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Abstract

Tounderstand the historical and present occurrence and distribution patterns of whale sharks along the west coast of India in the Arabian Sea, Traditional Ecological Knowledge (TEK) and Indigenous Technical Knowledge (ITK) questionnaire surveys were conducted during May 2012 to March 2013. The surveys were conducted in the maritime states of Maharashtra, Goa, Karnataka, Kerala and the union territory of Lakshadweep. Thesurvey was targeted at active and non-active fisher-folk between the ages of 25 and 90 years to obtain information on historical and current presence of whale sharks in fishing territories across the West Coast. Atotal of 1703 fisher folk in 118 fishing villages were interviewed using an improvised structured questionnaire developed from the standard TEK and ITK questionnaires. Over 60% of the interviewed fishers reported having sighted whale sharks in the Arabian Sea along the west coast during their fishing activities 20–100 km from the shoreline. Sightings were most frequent in the Lakshadweep Sea followed by the coastal waters of Maharashtra, Karnataka and Goa. Four major whale shark aggregation locations in the Arabian Sea were identified: close to the coast of Malvan in the Sindhudurg district of Maharashtra, Netrani Island in Uttar Kannada of Karnataka, Minicoy and Kavaratti Island in Lakshadweep and along the Saurashtra coast of Gujarat. The whale shark aggregation locations that were identified as a result of this study were found to overlap with key marine resource productivity areas, such as paste shrimp (Acetes sp.) abundance zones. The incidental capture of whale sharks in fishery operations over the last few years were notably high along the Kerala coast followed by Maharashtra. The mean number of respondents (in each village) who had caught whale sharks using gill nets were significantly higher (Kruskal-Wallis x2 218.56, df 2, p <0.05) than the mean number of respondents (in each village) who had caught the species using either purse-seine or trawl nets. Thesurvey results indicate a lack of awareness amongst the fishing community of the whale shark being a protected species and the ban on their capture and trade; it emphasizes the need tolaunch an intensive awareness campaign along the west coast of India. The respondents also mentioned that the most common human induced threats to the whale sharks are incidental catch in gill net, purse seine and trawl.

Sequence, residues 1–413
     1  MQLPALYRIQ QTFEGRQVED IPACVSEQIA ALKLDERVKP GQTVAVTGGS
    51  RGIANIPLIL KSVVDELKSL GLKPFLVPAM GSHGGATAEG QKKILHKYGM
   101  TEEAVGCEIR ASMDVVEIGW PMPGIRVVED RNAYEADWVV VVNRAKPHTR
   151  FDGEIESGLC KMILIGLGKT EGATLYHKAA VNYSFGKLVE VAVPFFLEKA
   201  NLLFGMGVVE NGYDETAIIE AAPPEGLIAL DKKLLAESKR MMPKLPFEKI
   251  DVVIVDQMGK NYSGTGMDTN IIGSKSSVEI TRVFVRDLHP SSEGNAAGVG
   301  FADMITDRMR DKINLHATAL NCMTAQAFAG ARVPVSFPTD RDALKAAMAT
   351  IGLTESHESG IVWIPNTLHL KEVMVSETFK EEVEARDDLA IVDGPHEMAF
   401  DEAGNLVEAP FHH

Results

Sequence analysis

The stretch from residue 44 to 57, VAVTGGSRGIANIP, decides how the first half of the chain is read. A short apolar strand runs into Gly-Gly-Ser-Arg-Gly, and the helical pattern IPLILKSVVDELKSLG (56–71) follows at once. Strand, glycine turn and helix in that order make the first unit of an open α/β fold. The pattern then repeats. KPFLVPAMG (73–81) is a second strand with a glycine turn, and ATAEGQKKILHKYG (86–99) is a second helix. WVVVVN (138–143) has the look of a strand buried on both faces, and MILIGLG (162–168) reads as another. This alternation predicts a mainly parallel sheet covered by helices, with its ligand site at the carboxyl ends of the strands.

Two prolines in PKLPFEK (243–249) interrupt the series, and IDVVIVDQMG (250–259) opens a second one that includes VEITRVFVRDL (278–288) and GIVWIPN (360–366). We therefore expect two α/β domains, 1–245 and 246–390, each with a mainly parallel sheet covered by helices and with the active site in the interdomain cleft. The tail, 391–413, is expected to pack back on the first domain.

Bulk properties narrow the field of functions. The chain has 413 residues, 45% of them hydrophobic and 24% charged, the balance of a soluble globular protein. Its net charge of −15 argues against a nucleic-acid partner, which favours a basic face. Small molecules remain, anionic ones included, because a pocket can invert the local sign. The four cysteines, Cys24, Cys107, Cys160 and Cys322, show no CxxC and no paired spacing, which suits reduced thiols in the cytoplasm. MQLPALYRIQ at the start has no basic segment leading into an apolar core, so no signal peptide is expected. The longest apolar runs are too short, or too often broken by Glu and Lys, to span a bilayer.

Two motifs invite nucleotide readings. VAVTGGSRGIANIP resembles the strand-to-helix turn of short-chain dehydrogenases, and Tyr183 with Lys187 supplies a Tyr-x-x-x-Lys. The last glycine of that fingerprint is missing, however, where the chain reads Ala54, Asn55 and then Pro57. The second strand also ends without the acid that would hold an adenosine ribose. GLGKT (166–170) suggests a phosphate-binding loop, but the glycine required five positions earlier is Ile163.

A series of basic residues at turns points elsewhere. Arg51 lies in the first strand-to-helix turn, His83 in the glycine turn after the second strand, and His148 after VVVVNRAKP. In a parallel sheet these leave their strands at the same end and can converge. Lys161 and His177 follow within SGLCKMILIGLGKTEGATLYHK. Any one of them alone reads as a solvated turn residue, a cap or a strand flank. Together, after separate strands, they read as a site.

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/content/papers/10.5339/qproc.2016.iwsc4.43
2016-05-15
2019-09-20
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